Automobile lighting: in the face of things to come

November 21, 2011 // By Juliana Baron
Going from lanterns to light diodes – this, in a nutshell, describes the course of development in automotive lighting over the last 100 years. What originally served only functional purposes has long since evolved into a matter of design: every single vehicle can be given an individual appearance, thanks to its characteristic lighting. In this light, LED compact light diodes open up a world of new possibilities for designing.

In the early days of the automobile, the aesthetics of illumination still played a subordinate role. The car's image was dominated by lanterns that were positioned on the outside of the vehicle, and this remained unchanged until they were replaced by gas lamps (carbide lamps). As early as 1925, during the era of light bulbs, Osram made a significant contribution to automotive lighting: Bilux double-filament lamps, which were the first lamps to use only one lighting source for both dimmed light and head beams, thus improving lighting conditions. Since the 1970s, halogen car lamps have become established as the standard, and to this very day they are built into approximately 90 percent of all vehicles. However, with this source of lighting being used, it is very difficult to realise a unique design.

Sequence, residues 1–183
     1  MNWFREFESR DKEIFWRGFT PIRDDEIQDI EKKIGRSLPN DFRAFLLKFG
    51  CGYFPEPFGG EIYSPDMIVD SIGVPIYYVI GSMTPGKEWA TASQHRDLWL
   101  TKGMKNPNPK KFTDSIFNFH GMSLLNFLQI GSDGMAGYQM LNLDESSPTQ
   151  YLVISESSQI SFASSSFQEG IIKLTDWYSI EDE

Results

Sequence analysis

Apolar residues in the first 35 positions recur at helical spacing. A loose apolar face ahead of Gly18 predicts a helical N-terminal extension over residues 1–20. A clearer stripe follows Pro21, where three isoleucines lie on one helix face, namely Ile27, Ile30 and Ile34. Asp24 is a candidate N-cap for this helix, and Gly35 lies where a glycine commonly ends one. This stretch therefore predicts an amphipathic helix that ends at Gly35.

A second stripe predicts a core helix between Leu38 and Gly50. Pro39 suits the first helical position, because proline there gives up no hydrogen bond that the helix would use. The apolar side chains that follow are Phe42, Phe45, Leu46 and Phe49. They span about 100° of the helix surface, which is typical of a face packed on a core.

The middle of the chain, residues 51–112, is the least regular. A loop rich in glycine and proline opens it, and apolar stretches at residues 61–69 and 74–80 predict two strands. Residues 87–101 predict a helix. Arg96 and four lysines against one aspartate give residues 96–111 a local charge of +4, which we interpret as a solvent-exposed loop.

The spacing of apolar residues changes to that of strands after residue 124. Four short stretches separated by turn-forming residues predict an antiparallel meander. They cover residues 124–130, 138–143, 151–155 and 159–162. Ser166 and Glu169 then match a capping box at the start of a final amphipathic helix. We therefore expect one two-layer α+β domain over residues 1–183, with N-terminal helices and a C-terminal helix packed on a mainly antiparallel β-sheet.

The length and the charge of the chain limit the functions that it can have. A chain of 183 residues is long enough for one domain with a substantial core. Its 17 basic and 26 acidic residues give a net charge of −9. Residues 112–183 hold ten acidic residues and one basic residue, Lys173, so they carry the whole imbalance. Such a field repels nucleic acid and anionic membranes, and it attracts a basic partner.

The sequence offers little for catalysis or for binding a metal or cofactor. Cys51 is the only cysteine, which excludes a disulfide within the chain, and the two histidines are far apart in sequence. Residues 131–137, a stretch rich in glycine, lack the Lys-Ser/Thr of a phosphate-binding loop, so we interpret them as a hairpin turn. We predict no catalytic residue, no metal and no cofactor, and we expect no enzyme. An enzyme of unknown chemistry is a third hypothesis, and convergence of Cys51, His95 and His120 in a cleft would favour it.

Headlamps with glow-discharge lamps – so-called Xenon lamps – entered the market in the 1990s. The colour temperature is similar to that of daylight. This is what makes the Xenon light appear whiter and thus enables better sight, especially in bad weather. What is more, the „high-tech“ look of the lights adds to the design of the vehicle. Therefore, Xenon lights are offered as optional original equipment in more and more cars, contributing significantly to their look.

LED: characteristic at first sight

Nevertheless, three little letters will change the future face of automobiles: LED. They combine the practical aspects of the car's design with aesthetic factors in all respects. The compact light diodes, which originally merely served as substitutes for the very small light bulbs in vehicle cockpits, are presently conquering the entire spectrum of automotive lighting. Their greatest benefit: they require only little space and can be arranged in virtually any imaginable way. Hence, not only can they be used as singular, point-shaped light sources, but also as solid lighting strips or illuminating surfaces. They combine a variety of different functions, such as dimmed lights and indicators,

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